A spouse who has made a mutual will cannot revoke it or change the beneficiaries or proportions without the consent of their spouse. This means no substantial changes can be made to a mutual will after the death of the first spouse. Divorce will release a party from any obligation under an agreement for mutual wills.

The benefit of a mutual will is your spouse cannot then change their will after you pass away removing the gifts to your children. It is essential that you let your children know if you have made mutual wills as they are the ones who will enforce the agreement if your spouse does not honour the agreement.

The doctrine of mutual wills is complex and involves both contract law and equity; therefore it is essential to source experienced and adept advice from a legal professional.


Important Considerations

The ability to contest. As identified above, spouses, children and dependents can contest your will. There is no way to prevent a claim, however our estate litigation lawyers can assist in defending a claim.

Choosing executors. An executor is the person responsible for administrating your estate and distributing your assets to your beneficiaries. In a blended family, it is important to choose executors that will be responsible and minimise conflict. Executors can be family members or an impartial person.

Not all assets can be included in a Will. Joint assets such as joint bank accounts and property held as joint tenants automatically pass to the surviving spouse through the rules of survivorship. This means your children cannot receive their entitlement until after the surviving spouse passes away. Greenhalgh Pickard can provide individualised property law and estate planning advice to safeguard your children’s inheritance.

Superannuation and life insurance are distributed in accordance with death benefit nominations, and do not always fall into the estate. We can provide advice about how to distribute these assets, including tax considerations.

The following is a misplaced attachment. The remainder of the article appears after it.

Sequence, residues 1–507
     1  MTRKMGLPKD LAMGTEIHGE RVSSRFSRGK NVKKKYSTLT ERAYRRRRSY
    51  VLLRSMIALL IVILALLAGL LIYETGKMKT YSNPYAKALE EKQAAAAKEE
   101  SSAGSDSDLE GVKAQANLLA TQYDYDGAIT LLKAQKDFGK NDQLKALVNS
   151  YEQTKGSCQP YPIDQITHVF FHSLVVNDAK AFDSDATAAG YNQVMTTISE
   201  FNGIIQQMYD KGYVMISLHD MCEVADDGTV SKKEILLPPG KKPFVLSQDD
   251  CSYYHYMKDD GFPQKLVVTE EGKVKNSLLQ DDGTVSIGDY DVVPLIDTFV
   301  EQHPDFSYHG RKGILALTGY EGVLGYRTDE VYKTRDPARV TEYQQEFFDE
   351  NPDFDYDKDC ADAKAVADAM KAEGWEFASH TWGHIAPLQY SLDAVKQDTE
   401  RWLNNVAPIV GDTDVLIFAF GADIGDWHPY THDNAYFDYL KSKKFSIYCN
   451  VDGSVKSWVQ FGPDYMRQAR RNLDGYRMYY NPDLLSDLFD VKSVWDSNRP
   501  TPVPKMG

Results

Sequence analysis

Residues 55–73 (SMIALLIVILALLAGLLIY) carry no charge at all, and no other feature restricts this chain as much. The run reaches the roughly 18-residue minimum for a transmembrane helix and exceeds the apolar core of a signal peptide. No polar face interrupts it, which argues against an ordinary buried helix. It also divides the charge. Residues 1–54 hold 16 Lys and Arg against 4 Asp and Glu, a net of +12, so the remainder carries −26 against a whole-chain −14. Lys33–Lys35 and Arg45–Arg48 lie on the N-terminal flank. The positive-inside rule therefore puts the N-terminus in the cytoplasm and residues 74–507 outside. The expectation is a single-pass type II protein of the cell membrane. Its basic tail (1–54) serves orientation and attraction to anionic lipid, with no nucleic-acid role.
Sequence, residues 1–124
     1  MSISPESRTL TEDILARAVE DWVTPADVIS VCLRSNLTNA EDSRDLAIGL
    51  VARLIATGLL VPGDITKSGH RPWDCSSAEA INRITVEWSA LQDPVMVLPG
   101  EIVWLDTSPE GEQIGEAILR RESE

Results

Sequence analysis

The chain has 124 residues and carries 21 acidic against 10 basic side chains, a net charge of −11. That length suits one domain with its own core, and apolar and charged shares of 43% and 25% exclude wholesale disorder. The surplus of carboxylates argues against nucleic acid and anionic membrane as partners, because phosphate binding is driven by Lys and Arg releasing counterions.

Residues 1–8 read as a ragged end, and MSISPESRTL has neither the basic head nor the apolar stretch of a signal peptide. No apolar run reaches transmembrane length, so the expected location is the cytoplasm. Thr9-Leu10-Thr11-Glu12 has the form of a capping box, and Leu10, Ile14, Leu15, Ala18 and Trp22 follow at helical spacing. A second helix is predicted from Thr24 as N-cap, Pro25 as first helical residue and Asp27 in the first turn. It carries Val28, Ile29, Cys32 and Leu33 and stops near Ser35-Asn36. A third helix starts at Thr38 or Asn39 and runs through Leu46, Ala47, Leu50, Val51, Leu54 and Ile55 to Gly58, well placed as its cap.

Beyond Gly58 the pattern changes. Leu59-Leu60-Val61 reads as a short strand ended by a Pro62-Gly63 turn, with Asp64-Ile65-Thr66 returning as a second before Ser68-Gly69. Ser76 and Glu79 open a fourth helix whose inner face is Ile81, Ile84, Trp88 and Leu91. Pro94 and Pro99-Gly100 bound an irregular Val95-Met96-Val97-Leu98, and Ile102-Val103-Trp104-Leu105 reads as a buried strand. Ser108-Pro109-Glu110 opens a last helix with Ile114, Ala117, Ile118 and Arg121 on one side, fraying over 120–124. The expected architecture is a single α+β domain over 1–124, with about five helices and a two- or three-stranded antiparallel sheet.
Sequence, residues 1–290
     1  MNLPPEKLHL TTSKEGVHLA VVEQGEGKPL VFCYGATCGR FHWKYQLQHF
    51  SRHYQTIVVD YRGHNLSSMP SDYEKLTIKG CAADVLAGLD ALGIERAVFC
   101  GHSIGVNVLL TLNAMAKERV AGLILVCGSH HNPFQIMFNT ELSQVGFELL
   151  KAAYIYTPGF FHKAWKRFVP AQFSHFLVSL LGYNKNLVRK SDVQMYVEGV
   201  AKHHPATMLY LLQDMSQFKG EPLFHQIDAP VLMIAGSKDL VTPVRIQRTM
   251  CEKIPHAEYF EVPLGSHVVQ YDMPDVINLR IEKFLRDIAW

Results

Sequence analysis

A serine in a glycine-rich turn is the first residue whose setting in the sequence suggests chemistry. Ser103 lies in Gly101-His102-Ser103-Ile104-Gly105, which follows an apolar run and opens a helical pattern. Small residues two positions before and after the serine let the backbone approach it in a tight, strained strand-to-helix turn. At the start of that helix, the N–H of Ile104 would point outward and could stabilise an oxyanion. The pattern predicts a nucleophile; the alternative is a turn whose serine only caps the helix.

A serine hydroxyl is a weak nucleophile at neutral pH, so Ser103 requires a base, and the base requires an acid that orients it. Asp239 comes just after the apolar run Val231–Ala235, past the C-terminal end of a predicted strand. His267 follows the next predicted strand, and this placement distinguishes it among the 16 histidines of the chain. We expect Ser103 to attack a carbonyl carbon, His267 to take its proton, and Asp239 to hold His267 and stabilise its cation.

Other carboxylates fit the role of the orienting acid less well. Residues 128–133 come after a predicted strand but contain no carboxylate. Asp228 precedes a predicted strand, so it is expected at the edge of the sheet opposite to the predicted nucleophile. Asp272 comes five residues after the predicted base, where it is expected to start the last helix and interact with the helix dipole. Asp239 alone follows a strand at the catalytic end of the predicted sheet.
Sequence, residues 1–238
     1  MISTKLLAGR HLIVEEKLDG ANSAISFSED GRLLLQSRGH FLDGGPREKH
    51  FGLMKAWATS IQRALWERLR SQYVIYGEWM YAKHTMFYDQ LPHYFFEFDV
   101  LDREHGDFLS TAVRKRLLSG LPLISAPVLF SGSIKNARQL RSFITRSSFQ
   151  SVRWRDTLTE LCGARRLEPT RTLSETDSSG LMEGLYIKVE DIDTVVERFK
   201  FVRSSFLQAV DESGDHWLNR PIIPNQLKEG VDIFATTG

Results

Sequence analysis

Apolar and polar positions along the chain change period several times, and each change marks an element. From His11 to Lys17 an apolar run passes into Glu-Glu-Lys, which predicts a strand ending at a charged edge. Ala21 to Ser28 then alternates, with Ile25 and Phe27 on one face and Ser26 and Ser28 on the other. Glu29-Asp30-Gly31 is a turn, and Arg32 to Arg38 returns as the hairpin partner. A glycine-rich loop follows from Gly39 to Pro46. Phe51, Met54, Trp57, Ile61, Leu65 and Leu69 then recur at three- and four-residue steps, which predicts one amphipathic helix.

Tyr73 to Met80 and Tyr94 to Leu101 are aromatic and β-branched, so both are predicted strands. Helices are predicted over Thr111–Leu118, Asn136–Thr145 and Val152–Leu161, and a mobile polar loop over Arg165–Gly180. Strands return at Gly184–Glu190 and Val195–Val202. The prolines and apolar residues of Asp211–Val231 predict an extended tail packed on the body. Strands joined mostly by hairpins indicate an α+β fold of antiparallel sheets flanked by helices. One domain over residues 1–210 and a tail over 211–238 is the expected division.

Additionally, assets held by trusts and companies are distributed in accordance with the trust deed or company constitution and are not appropriate to include in a Will.

Every family is unique. It is important to remember that every couple and every family is unique. Each family operates differently and there are many diverse family types in Australia. By getting tailored and individualised advice you can feel confident in your estate plan and protect your children’s inheritance in a blended family situation.

Contact Us

At Greenhalgh Pickard we have experienced Solicitors that can assist you in all areas of Succession Law. Contact us today for a no obligation free initial consultation for your Estate Planning.



The information contained in this article is for general informational purposes only and is not intended to provide legal advice or substitute for the advice of a professional. This information does not consider your personal circumstances and may not reflect the most current legal developments. Should you need advice, please contact our firm for targeted information relating to personal your situation.